SAN ANTONIO (May 4, 2015) -- A biochemist from The University of Texas Health Science Center at San Antonio is a co-author on a paper in Nature that describes a new, more efficient method of making ribonucleic acids (RNAs).
RNAs are molecules that can be used to make therapeutics, sensors and diagnostics, for which there is a growing market, said Rui Sousa, Ph.D., professor of biochemistry in the School of Medicine at the Health Science Center. He is a co-author on the paper with colleagues from the National Institutes of Health, the University of Colorado and Leidos Biomedical Research Inc. in Frederick, Md.
"This new technique allows a researcher to make RNA molecules that are chemically diverse," Dr. Sousa said. "This is desirable for studies of RNA structure and function, and for design of applications that could be used to diagnose and treat disease."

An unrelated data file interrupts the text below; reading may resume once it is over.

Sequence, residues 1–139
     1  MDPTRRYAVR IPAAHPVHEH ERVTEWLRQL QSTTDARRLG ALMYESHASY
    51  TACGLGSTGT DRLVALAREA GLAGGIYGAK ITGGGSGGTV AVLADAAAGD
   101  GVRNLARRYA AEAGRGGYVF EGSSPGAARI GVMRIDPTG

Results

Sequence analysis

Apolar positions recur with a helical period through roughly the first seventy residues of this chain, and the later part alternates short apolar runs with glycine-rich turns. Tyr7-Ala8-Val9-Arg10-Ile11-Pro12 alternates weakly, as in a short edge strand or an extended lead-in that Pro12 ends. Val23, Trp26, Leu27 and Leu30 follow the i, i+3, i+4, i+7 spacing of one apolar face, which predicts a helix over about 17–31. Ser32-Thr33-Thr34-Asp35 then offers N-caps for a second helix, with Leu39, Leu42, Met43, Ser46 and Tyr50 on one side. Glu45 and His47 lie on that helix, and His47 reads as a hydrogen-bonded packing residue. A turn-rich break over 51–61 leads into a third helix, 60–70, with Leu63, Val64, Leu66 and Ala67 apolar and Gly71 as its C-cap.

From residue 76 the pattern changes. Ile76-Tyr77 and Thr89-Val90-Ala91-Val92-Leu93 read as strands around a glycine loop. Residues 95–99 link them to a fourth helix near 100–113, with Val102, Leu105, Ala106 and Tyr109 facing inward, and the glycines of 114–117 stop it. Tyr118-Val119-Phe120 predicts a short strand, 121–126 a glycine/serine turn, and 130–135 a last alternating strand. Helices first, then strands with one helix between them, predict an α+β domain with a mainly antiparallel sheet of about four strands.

Deoxyribonucleic acid (DNA), a double-stranded molecule, is the genetic blueprint contained in all cells. The genetic information of DNA is copied into molecules called messenger RNAs, which are basically the manufacturing instructions for proteins. Different types of RNAs perform different functions, such as silencing a gene or regulating a plethora of processes in cells.
Until now, researchers' ability to fine-tune RNAs to develop diagnostics and therapeutics has been limited by existing technology. The new method described by Dr. Sousa and his colleagues in Nature, which includes robotics, will speed up research exponentially, he said.
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